Source Link: Stratfor
A struggle between France and Turkey over NATO control of the no-fly zone in Libya is only a part of Ankara’s broader strategy, which is to demonstrate its capability and willingness to shape geopolitical events in a changing region. Turkey seems to be enjoying U.S. support for this strategy, with Libya emerging as the first area of coordination between the two countries since unrest began in North Africa and the Middle East. The United States will no doubt need its help elsewhere.
The United States has made it clear it will soon recede to a supporting role in the Libyan operation, and the question of who will be in charge of the no-fly zone (NFZ) has created some disagreement among coalition forces. Indeed, a struggle is now brewing between France and Turkey over NFZ command and control, with the former favoring a broader “coalition of the willing” and the latter advocating a NATO command structure.
Turkey is doing more than just trying to undermine France’s leading role in the Libyan operation. Ankara’s broader strategy is to demonstrate its own capability and willingness to shape geopolitical events in a changing region in which it has vested economic and political interests. Turkey seems to be enjoying U.S. support in this strategy, with Libya emerging as the first area of coordination between the two countries since unrest began in North Africa and the Middle East.
On March 23, Turkey offered to send four frigates, a submarine and a support ship on a NATO mission to enforce a U.N. arms embargo against Libya, which would make it the biggest contributor to the naval operation. Turkey had decided to change its tone following Turkish Prime Minister Recep Tayyip Erdogan’s Feb. 28 comment that NATO had “nothing to do in Libya.” Turkey also had been sidelined by France at the conference in Paris on March 19 and thus had little say in approving or implementing the Libya operation. On March 24, American, British, French and Turkish foreign ministers agreed to give NATO the mandate to administer the NFZ and U.N. embargo, but the decision on whether airstrikes will be conducted under NATO command will be decided in few days.
Even before the airstrikes began, Turkey had tried to position itself as a player in Libya. Erdogan had several telephone conversations with embattled Libyan leader Moammar Gadhafi and publicly called for him on March 14 to name a president. Turkish politicians repeated that Turkey would not “point a gun at the Libyan people” and accused intervening countries of pursuing “oil interests.” On March 18, a Libyan government spokesman said that Libya had asked Turkish and Maltese authorities to help implement and supervise the cease-fire that Gadhafi had announced. Then on March 23, Turkish President Abdullah Gul called for Gadhafi to step down to prevent further bloodshed and accused the European nations of pursuing ulterior motives in Libya, a rhetorical move that would help Turkey enhance its image as a leader of the Muslim world.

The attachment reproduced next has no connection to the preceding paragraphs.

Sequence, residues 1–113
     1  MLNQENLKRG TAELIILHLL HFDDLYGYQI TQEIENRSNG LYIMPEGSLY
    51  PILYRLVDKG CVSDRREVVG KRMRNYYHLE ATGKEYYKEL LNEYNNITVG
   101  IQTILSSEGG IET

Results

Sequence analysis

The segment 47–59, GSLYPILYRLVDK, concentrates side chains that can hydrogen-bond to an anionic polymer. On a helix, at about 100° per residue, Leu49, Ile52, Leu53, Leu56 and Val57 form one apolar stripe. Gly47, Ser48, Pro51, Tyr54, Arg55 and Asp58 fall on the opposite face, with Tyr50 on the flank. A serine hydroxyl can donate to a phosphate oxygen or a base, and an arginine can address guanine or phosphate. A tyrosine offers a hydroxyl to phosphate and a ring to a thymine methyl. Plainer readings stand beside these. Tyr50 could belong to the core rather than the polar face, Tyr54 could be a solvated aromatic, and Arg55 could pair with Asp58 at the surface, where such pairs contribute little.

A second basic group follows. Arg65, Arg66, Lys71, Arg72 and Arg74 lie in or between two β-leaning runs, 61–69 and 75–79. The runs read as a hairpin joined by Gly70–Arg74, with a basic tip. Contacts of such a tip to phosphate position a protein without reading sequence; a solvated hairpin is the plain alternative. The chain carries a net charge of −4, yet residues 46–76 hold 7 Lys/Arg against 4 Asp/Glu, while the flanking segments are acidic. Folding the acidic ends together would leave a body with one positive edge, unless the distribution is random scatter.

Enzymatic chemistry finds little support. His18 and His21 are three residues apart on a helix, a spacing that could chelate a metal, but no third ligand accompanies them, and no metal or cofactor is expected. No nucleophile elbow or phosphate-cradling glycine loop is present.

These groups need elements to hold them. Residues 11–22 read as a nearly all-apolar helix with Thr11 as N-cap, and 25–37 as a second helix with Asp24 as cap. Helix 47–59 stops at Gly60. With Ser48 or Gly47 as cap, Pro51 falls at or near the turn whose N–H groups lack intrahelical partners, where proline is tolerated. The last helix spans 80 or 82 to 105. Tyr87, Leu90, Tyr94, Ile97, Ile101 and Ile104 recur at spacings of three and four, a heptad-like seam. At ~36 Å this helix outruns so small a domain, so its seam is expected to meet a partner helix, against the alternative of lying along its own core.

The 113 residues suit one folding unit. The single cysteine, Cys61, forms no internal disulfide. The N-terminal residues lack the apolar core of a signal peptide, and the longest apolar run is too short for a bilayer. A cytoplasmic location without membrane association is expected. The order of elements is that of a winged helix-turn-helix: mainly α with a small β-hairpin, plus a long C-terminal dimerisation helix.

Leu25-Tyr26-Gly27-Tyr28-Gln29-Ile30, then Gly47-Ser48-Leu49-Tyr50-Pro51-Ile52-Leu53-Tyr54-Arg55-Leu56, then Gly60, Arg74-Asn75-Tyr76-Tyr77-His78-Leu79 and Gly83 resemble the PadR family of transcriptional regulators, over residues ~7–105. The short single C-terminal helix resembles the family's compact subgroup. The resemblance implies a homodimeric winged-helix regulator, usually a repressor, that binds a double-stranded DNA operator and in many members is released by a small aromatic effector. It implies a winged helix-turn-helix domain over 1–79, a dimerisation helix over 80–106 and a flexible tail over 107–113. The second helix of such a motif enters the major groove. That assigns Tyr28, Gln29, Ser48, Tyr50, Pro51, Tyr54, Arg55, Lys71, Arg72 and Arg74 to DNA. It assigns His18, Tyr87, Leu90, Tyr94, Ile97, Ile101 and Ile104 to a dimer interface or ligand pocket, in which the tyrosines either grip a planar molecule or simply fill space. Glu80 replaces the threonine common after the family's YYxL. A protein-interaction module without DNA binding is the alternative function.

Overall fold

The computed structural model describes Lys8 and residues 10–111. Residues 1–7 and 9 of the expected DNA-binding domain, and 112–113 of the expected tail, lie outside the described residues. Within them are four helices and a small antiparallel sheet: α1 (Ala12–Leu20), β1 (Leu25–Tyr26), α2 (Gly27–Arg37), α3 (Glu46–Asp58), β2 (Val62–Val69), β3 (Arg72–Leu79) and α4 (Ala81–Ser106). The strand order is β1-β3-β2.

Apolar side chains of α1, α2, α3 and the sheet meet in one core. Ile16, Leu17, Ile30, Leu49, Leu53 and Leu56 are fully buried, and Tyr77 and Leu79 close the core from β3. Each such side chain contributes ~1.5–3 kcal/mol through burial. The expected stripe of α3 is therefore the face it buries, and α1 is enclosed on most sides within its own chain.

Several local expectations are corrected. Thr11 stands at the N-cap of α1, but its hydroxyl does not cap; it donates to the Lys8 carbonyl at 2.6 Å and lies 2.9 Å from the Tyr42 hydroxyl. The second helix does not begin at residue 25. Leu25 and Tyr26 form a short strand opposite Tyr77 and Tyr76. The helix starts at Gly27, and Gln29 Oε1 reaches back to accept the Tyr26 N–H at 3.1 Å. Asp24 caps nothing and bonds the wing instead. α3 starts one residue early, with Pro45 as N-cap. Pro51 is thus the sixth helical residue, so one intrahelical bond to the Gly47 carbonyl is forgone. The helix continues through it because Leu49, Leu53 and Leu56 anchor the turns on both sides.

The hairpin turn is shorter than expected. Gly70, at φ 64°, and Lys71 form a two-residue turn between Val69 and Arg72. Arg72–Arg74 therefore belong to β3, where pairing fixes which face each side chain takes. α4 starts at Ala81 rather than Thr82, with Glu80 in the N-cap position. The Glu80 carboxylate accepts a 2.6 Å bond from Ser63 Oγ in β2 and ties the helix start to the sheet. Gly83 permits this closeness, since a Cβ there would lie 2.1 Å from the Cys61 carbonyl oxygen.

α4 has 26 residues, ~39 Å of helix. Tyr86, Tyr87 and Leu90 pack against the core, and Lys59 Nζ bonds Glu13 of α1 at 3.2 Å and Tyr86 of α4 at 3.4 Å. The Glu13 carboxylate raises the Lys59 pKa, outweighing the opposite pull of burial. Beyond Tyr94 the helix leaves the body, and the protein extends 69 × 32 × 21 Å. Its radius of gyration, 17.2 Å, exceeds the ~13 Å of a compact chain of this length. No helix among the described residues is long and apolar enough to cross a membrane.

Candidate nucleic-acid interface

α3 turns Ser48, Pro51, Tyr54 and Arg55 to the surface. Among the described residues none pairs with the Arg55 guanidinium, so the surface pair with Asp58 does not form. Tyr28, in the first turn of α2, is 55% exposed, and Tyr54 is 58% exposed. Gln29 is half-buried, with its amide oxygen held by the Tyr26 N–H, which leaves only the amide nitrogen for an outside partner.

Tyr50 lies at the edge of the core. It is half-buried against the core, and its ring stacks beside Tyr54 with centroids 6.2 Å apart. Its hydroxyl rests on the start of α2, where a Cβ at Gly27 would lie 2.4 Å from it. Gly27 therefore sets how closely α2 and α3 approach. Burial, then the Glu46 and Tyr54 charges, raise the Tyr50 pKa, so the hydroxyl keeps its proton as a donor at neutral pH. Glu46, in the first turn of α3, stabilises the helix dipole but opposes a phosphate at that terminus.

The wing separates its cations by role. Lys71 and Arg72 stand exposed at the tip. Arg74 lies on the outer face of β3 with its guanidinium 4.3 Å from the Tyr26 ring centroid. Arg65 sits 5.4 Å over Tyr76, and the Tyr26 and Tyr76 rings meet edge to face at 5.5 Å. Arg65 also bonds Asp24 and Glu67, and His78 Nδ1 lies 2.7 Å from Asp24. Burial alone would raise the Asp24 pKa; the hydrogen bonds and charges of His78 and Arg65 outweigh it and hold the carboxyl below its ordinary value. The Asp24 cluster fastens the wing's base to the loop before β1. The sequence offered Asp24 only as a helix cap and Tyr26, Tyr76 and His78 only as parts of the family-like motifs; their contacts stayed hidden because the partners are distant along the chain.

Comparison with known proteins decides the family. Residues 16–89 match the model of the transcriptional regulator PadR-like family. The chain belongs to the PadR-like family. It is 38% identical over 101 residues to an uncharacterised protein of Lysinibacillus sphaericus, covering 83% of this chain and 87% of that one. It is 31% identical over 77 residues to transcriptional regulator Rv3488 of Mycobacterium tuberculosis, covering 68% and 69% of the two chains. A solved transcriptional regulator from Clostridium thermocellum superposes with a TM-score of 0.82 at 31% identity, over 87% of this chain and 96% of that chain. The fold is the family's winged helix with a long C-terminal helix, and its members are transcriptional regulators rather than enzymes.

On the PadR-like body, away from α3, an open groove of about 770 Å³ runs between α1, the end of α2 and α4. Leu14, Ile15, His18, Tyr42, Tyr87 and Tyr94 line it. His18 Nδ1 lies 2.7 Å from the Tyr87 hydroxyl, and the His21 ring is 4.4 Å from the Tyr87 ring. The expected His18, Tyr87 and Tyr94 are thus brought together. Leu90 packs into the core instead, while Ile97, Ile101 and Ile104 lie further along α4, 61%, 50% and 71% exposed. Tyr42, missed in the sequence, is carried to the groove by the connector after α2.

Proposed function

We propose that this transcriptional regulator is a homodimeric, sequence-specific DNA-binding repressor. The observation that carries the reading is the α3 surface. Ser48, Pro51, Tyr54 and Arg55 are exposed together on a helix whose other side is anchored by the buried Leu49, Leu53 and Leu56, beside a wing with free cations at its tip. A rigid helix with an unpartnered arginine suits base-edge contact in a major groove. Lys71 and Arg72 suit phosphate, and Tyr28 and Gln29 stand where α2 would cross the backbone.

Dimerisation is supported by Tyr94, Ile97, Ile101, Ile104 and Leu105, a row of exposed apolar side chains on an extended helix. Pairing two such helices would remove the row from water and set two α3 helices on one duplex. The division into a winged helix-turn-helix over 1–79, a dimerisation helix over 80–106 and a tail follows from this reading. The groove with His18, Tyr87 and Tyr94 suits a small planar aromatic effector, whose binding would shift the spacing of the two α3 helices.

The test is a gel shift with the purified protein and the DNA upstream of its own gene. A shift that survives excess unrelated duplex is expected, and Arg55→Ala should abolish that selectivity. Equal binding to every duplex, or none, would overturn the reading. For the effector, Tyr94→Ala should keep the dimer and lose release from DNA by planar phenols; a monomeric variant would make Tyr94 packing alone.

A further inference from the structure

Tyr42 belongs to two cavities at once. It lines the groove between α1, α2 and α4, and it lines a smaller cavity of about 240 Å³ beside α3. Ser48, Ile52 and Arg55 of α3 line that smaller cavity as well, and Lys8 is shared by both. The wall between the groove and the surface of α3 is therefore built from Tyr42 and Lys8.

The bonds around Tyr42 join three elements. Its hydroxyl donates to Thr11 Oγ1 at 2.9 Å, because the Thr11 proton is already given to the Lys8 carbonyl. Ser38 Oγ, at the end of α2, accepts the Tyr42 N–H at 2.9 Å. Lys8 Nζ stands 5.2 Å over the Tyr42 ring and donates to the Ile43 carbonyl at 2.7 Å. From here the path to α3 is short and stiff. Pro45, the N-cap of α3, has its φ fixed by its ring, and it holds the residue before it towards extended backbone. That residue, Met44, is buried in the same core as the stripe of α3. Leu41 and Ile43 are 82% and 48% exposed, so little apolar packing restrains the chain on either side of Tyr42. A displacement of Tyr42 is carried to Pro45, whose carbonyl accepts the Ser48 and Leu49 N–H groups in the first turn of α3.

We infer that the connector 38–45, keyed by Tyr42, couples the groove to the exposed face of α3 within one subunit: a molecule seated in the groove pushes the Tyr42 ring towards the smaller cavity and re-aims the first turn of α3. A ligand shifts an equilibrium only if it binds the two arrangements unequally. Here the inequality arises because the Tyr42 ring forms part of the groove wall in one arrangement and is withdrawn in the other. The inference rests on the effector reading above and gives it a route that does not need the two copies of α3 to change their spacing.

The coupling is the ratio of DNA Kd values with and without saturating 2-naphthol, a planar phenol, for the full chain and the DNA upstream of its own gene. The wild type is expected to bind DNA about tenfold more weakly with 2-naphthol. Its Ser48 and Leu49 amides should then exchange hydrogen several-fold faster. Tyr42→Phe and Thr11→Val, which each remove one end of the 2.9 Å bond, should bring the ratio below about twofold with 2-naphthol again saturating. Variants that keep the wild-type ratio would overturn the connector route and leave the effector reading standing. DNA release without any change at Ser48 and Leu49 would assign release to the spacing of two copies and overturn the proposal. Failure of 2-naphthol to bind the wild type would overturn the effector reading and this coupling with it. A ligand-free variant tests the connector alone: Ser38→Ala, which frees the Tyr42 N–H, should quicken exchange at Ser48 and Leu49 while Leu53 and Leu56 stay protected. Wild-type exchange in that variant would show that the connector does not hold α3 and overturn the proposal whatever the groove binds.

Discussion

Turkey is emboldened, in part, by U.S. support of its growing role in Libya. Four captured journalists from The New York Times were released on March 21 following negotiations between Turkish and Libyan authorities. The next day, White House spokesman Mark Toner confirmed the Turkish-American coordination in Libya by saying that Turkey will represent U.S. diplomatic interests in Libya. Confident of U.S. backing and its ability to push its demands, Turkey announced on March 23 that it was ready to mediate between Gadhafi and opposition forces. But it is still unclear whether Turkey has that much leverage in Libya, especially when France is likely to try to block its further moves.
Cooperation between Turkey and the United States is unlikely to be limited to Libya. As North African and Middle Eastern countries deal with domestic unrest, the United States needs Turkey — an emerging power in the region — to help contain the instability that could result from government transitions in these countries. Turkey’s clout in Libya remains to be seen, but its involvement there will serve as a test of its ability to influence events in the region.
Turkey’s role is likely to be more influential in the Persian Gulf, where Ankara is becoming more involved in the struggle between Iran and Saudi Arabia over Bahrain. On March 14, Saudi forces intervened in Bahrain as part of the Gulf Cooperation Council Peninsula Shield Force. Since then, Iran and Saudi Arabia have been trying to assess each other’s capabilities and intentions, with the Saudis demanding the removal of Iranian assets from Bahrain before it withdraws its troops. Turkey, which has tried to prove that it can communicate with Iran, is attempting to facilitate dialogue between the Arabs and the Persians. This effort intensified during recent visits by Saudi and Bahraini foreign ministers to Turkey, which were followed by a March 21 phone conversation between Turkish Foreign Minister Ahmet Davutoglu and his Iranian counterpart, Ali Akbar Salehi. But Iran has reason to distrust Turkey, since the interests of the United States, Turkey and Saudi Arabia are aligned in wanting to contain Iranian influence.
Turkey and the United States will have more opportunities to cooperate in the region, particularly in Iraq on the eve of the American withdrawal. Turkey has both the ability to talk with the Iranians and the ability to balance Tehran’s influence in Iraq. And with political dynamics in flux throughout the Middle East and North Africa, the interests of Ankara and of Washington will be converging again. The question remains whether Turkey is fully capable of taking on these roles, but Libya appears to be the first step in that direction.